When we meet, Mårten Brüggemann and Frida Schlaug have just returned from GDC in San Francisco – an odd place for a company that doesn’t strictly make games, perhaps, especially given the focus on VR at this year’s event. The two come from very different backgrounds: Schlaug from corporate app development, and Brüggemann from traditional game making (he was lead game designer at Magicka2 developer Pieces Interactive). Both have had to make adjustments to their ways of working in the production of Toca Blocks.
“We’re so focused on the core experience,” Brüggemann tells us. “You can’t really hide behind good graphics, because the kids will see through it. In traditional games you have a lot of interaction models that you know work, but when designing for kids, it might be the first time they’ve ever used an interface like this. It should be intuitive and welcoming, even for a person who’s never used a digital toy before.”
Toca Blocks certainly does that. It’s snappy, satisfying stuff, and the bar of inventory icons – one with flickering colours, another slowly rotating, others with blinking eyes – begs to be touched. The comparison with Minecraft is obvious, but there’s a distinct nod to SuperMario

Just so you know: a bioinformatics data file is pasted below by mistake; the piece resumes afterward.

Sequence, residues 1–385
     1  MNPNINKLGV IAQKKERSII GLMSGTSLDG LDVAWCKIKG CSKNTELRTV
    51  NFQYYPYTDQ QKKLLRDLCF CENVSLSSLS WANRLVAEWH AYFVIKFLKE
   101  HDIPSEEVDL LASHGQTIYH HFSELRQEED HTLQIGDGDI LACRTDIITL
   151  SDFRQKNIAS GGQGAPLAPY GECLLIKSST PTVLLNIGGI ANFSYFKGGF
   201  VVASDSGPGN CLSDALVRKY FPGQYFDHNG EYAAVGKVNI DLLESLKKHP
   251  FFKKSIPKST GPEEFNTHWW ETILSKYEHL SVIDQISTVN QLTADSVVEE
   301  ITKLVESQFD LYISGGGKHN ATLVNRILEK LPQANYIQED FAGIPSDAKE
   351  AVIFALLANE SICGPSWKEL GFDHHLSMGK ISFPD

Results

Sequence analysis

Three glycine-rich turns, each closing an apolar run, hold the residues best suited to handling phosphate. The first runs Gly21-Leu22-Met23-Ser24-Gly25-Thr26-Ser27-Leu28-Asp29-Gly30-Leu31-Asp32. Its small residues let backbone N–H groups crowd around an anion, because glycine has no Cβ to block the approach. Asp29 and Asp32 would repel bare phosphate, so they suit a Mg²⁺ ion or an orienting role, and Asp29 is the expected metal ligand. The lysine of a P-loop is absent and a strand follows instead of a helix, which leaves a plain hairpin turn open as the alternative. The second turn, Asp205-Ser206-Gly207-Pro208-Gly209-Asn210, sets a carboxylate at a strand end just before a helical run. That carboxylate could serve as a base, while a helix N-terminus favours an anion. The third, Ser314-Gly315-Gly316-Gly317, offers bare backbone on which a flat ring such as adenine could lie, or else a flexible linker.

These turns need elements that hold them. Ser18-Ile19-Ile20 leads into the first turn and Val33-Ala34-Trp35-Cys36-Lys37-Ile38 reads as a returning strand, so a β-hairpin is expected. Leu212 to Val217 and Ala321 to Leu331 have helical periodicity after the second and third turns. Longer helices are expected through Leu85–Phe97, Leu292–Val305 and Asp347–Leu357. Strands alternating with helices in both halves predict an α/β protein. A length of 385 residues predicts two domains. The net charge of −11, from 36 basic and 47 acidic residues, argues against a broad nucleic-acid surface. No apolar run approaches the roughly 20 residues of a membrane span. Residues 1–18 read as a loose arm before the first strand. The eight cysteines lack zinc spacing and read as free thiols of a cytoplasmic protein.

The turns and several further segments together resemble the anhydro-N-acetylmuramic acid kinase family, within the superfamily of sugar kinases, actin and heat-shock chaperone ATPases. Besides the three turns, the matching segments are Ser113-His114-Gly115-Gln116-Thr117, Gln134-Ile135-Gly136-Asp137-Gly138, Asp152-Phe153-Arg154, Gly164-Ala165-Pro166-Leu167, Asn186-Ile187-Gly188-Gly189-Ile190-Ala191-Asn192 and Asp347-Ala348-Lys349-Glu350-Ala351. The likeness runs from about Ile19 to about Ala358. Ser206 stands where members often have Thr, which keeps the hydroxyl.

Maker too in what Brüggemann describes as sitting somewhere between a world builder and a level editor.
There are also references to the physical world. “I really wanted a tactile feel to the blocks,” Brüggemann says. “We worked a lot on making it fun to just play around with, making the actions feel really tangible. You don’t really feel it with other digital toys – even Lego’s own digital products don’t capture the feeling of snapping two Legos together. It can be hard to translate it.” Toca Boca may have done so here, but elsewhere within the company a team is working on doing the opposite – turning digital toys into physical ones.
While some combos in Toca Blocks have predictable end results, patterned blocks can be blended forever, producing a different result each time